Following the terror attacks in the French capital, a number of events have been cancelled across Europe, putting the focus on contingency cover.

The tragic events in Paris have sent shockwaves across Europe and beyond. At the time of writing, Brussels is in a state of lockdown as security forces brace themselves for more potential attacks. The French government has declared a three-month state of emergency.

The nature of the Paris attacks, and the ongoing high terror alert, has led to an unprecedented number of event cancellations in France and Belgium such as concerts, sporting events and promotional appearances, including several rugby union Challenge Cup matches and international soccer games, while concerts by U2 and Foo Fighters are reported to have been cancelled.

Contingency insurance exists to provide cover for financial loss that occurs when a planned event has to be cancelled or postponed. Loss of revenue incurred in providing refunds for ticket sales and venue hire costs are just some examples of the net ascertained loss for which insurers may be obliged to pay out.

Most standard contingency wordings contain a terrorism exclusion intended to operate in relation to events cancelled as a result of terrorism, which could well include those impacted in the wake of the Paris attacks. Such exclusions will often preclude claims where property has been damaged (for example, the Bataclan Concert Hall) or threatened to be damaged (arguably the Stade de France).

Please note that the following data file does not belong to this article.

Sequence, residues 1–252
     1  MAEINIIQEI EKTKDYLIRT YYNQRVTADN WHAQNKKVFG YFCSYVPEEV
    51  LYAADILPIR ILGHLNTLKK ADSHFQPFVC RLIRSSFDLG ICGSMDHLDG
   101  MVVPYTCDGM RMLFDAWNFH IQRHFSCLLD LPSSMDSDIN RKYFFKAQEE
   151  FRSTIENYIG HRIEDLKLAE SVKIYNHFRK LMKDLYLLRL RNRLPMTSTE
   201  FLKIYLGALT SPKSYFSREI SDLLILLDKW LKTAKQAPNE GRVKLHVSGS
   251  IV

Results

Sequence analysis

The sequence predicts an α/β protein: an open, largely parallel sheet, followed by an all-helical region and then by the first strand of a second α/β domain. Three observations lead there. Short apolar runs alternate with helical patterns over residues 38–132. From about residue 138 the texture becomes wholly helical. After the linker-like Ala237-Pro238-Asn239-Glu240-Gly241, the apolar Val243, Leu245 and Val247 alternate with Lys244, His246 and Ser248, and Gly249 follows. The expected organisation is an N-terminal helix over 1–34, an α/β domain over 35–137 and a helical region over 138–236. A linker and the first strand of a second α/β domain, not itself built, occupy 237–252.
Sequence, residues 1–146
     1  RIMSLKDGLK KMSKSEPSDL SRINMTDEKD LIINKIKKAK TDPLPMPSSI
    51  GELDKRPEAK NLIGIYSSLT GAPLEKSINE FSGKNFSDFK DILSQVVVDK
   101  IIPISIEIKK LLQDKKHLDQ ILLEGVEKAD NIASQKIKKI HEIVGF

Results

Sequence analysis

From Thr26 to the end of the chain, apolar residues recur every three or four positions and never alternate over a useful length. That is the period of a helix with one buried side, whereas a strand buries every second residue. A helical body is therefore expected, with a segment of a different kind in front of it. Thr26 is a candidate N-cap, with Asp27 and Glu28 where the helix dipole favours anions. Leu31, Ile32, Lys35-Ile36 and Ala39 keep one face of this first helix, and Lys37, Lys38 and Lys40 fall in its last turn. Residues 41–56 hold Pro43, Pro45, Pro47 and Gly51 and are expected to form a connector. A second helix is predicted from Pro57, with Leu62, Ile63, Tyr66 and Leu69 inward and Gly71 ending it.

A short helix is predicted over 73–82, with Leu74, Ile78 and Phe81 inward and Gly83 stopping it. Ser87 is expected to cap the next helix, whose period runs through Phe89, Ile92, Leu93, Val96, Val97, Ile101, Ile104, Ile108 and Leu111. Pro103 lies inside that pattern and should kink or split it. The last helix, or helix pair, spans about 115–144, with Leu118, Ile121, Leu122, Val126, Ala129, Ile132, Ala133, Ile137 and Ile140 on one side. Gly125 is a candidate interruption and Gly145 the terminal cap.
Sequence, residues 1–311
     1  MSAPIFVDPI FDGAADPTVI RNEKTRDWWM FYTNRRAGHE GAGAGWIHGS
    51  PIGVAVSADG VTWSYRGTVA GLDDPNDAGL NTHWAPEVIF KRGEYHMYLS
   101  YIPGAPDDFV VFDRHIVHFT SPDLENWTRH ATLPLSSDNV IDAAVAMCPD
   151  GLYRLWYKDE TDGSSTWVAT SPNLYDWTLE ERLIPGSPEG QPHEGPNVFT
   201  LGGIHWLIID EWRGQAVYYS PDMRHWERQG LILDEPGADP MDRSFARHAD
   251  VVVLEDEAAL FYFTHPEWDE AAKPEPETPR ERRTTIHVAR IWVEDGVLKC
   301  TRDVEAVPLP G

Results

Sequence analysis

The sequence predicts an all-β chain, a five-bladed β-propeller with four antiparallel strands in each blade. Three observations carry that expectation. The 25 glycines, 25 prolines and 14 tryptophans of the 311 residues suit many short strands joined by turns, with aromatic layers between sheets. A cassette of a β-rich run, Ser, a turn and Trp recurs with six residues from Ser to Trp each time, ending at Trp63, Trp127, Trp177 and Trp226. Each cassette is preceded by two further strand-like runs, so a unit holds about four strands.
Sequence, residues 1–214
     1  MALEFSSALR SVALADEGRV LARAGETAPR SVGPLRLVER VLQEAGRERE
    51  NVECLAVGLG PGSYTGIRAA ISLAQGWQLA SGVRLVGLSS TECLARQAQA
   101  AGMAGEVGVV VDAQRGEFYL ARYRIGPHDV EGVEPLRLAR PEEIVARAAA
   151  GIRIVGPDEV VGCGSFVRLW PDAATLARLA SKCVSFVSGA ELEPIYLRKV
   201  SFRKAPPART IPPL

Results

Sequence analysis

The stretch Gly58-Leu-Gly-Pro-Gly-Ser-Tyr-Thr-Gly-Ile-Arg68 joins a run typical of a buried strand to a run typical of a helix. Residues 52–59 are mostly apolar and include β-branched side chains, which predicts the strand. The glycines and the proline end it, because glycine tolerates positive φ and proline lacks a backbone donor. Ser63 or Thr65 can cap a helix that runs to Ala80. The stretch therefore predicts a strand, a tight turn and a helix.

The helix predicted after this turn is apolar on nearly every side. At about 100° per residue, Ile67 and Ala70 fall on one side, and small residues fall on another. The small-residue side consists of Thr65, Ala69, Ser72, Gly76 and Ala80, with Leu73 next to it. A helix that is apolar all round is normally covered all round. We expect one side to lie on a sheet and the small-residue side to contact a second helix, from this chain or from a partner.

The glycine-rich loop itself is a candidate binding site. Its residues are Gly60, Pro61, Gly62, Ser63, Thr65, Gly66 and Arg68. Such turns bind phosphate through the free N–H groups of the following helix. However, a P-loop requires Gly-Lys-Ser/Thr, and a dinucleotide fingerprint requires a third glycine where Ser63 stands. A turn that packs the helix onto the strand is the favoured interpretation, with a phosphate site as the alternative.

In addition, a comprehensive terrorism exclusion will include events affected by action taken in "controlling" or "preventing" acts of terrorism, which may include decisions by the French authorities to prevent events from going ahead.

Ambiguities will arise where the organisers of an event wish it to go ahead, but where authorities withdraw an applicable licence, perhaps on the grounds of health and safety concerns, without specific reference to terrorism. Without the licence, the event cannot go ahead.

It may be a difficult issue to determine whether this has occurred as a direct result of the terrorist acts, or more indirectly, which may not fall precisely within a terrorism exclusion. Further, while failing to obtain appropriate licences is often excluded, licence revocation appears rather different.

For events that suffer with reduced attendance due to fear of further attacks, the position is also complicated. The resulting financial losses to the insured by way of reduced ticket revenue and spend on food/drink and merchandise, for example, may fall to be assessed under a reduced attendance coverage that responds where a common cause prevents ticket holders from attending.

However, this could also be caught by the terrorism exclusion where "threat of terrorism (actual or perceived)" is included, or by a disinclination to travel exclusion. Such issues arose after the 9/11 attacks and are likely to be seen again.

Given the unwelcome reality of an increased threat of further attacks in France, and elsewhere, insureds may wish to consider purchasing further protection against terrorism. Terrorism extensions are available in the market, some limited to cover where a venue has been physically damaged and others including the threat of terrorism but usually delineated by the proximity in terms of miles from the venue or days until the date of the event.

Another consideration is standalone terrorism insurance, which provides broader financial cover. In the current climate, there is likely to be increased demand for such products worldwide.